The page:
Advice for buyers
What should I look for in a used Hyundai Tucson 4x4?
While the Tucson isn’t a massive car, it feels quite bulky from the driver’s seat, and it’s hard to spot where it ends. Given that not every model was fitted with rear parking sensors and comparatively few had them at the front, it will pay to check carefully for body damage or signs of a hasty repair.
Check, too, that the alloy wheels haven’t been kerbed excessively, especially the larger-diameter versions, which will be costly to renovate if necessary. Bigger chips and grazes could be indicative of expensive damage to the suspension.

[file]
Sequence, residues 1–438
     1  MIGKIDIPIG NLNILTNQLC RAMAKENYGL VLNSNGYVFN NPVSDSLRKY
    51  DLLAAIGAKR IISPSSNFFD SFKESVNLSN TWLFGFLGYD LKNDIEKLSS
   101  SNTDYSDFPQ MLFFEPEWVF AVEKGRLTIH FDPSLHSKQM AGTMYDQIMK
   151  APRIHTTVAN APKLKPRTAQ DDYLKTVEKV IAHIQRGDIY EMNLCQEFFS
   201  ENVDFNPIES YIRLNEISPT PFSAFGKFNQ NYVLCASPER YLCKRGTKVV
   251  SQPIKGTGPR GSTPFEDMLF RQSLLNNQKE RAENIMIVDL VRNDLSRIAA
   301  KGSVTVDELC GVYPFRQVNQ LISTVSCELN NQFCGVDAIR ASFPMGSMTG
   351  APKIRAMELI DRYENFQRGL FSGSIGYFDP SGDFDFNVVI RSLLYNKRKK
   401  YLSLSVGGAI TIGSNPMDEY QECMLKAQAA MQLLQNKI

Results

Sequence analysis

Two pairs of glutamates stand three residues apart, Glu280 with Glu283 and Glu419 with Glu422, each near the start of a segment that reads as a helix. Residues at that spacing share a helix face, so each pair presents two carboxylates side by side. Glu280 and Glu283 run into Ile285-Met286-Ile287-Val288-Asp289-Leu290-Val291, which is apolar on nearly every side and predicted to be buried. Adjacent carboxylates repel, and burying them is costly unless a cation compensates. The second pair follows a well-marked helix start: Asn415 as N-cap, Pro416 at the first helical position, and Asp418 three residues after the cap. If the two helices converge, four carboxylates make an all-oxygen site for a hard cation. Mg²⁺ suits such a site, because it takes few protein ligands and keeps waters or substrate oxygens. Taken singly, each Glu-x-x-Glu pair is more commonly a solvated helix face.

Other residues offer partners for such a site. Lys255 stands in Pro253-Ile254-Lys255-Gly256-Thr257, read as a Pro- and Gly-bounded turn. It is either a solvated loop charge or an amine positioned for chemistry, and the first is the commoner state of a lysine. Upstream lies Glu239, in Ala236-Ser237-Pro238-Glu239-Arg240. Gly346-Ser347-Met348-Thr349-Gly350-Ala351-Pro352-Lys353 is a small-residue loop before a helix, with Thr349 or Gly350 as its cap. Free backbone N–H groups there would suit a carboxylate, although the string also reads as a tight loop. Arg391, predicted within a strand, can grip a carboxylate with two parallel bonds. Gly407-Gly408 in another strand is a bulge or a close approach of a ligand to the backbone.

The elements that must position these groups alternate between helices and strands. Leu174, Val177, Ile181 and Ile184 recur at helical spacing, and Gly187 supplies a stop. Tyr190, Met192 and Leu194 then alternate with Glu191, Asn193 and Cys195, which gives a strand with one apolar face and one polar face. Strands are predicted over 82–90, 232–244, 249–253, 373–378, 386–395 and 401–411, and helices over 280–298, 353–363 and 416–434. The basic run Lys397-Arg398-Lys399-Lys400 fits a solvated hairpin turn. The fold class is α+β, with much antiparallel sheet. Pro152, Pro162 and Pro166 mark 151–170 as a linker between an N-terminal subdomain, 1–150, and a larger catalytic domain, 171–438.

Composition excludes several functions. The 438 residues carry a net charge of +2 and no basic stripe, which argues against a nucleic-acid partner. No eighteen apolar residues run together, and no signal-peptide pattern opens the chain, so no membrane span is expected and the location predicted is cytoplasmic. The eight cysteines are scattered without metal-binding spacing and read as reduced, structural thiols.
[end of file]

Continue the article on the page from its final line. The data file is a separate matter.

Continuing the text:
What are the most common problems with a used Hyundai Tucson 4x4?
Secondary bonnet catch
The secondary bonnet catch might not be strong enough to hold the bonnet at speed if it isn't closed properly. This recall applies to Tucsons built between 6 January 2015 and 15 March 2016, and if your car is affected, it'll need to have a stronger catch installed at a Hyundai dealer and some updated software uploaded for the open bonnet warning message in the driver's instrument cluster.